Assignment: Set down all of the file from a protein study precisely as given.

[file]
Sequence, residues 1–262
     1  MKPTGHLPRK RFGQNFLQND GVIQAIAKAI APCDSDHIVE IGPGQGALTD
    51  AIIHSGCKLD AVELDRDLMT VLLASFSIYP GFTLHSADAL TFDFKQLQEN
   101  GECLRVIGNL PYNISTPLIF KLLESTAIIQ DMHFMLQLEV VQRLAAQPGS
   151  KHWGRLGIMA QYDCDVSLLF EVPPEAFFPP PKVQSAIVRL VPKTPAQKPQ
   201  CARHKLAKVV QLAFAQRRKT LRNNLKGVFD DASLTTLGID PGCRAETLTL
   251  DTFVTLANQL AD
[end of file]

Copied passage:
Sequence, residues 1–262
     1  MKPTGHLPRK RFGQNFLQND GVIQAIAKAI APCDSDHIVE IGPGQGALTD
    51  AIIHSGCKLD AVELDRDLMT VLLASFSIYP GFTLHSADAL TFDFKQLQEN
   101  GECLRVIGNL PYNISTPLIF KLLESTAIIQ DMHFMLQLEV VQRLAAQPGS
   151  KHWGRLGIMA QYDCDVSLLF EVPPEAFFPP PKVQSAIVRL VPKTPAQKPQ
   201  CARHKLAKVV QLAFAQRRKT LRNNLKGVFD DASLTTLGID PGCRAETLTL
   251  DTFVTLANQL AD